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Brexit: Single Market and Workers’ Rights

Volume 778: debated on Monday 16 January 2017


Tabled by

To ask Her Majesty’s Government what response they have given to the request made by the TUC General Secretary on 7 December that the United Kingdom secure full European Union Single Market membership to protect workers’ rights.

My Lords, on behalf of the noble Lord, Lord Dykes, and at his request, I beg leave to ask the Question standing in his name on the Order Paper.

My Lords, we do not need to be part of the EU single market to have strong protection for workers’ rights. The Government will not roll back EU rights in the workplace. All workers’ rights enjoyed under EU law will be preserved by the great repeal Bill and will be brought across into UK law.

My Lords, on behalf of myself and the noble Lord, Lord Dykes, I thank the Minister for his reply, which follows on from the article by the Prime Minister in the 8 January edition of the Sunday Telegraph. The Minister has touched on this, but will he go one step further and reassure the House and the TUC that all the relevant directives will be contained in the great repeal Bill?

My Lords, the Prime Minister has said that, under this Government, workers’ rights will not be eroded and will be not just protected but enhanced. The Government’s commitment is absolutely clear. As we regain sovereignty over these issues it will be up to subsequent Parliaments to make these decisions themselves.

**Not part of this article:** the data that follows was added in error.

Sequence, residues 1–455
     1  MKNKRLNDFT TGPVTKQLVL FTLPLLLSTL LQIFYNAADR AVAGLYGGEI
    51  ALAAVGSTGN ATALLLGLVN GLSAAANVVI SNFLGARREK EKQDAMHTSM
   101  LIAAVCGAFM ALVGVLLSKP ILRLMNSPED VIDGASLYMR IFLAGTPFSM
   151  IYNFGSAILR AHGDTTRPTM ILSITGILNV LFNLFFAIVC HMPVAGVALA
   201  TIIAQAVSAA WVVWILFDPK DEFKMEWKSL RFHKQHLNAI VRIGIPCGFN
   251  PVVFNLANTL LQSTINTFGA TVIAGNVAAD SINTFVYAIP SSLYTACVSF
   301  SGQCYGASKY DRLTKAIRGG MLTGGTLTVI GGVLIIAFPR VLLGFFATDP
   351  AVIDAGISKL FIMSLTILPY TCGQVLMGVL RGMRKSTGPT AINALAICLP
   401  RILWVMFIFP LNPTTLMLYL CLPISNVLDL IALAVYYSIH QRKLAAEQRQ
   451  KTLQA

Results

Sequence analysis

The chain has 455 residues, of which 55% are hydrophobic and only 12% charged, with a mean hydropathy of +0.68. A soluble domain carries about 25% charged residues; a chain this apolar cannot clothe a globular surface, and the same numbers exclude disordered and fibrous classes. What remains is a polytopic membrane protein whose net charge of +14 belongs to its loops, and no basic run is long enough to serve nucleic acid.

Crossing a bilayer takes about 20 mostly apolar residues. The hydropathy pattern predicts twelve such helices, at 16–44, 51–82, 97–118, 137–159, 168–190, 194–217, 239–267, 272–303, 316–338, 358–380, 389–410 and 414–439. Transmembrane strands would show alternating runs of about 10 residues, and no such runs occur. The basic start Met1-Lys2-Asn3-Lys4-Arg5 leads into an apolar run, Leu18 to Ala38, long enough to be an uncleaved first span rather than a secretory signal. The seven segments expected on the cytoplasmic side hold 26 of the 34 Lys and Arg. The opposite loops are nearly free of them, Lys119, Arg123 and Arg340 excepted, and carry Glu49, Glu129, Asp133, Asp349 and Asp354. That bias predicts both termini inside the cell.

My Lords, it is a sad day when the TUC no longer has faith in the Labour Party, the Liberal Party and this British Parliament to defend the rights of British workers. Is it not the case that British workers enjoy rights far beyond EU requirements, for example in respect of maternity pay?

Yes, there are many examples where people who work in the UK have stronger rights than those guaranteed in the EU. Maternity rights are one case and rights to statutory leave are another example.

My Lords, can I probe a bit harder about how robust these assurances about the great reform Bill are? At the weekend, the Chancellor said that if the EU takes a hard approach to the negotiations, the British Government are going to have to go downmarket and undercut our EU neighbours on corporate tax. Will the same thing not happen on labour standards? Is there not a big risk that the Government will be forced by the logic of Brexit into undercutting and beggar-thy-neighbour policies?

My Lords, it would be a huge misjudgment and mistake for any British Government to think that eroding the rights of UK workers and making them less engaged and productive would contribute in any way to us being more competitive. In the same way that we want to have low tax rates, we want to have a fully engaged and well-trained workforce.

My Lords, as the Minister confirmed, the Prime Minister has agreed that all workers’ rights enshrined in EU law will be transferred into UK law—but then “where practical” was added. Which workers’ rights cannot be practically transferred into UK law?

Off the cuff, I cannot think of any rights that would fall into the area of “not practical”. The Prime Minister went further: she is committed, as is our whole industrial strategy, to bringing decent, well-paid, skilled jobs to Britain, including to many parts of the country where they have been sadly depleted over many years.

My Lords, do the Government agree that it is the single market which imposes Brussels’ overregulation on the 90% of our economy that does not sell into it? Do the Government know how many jobs that has cost us over the years?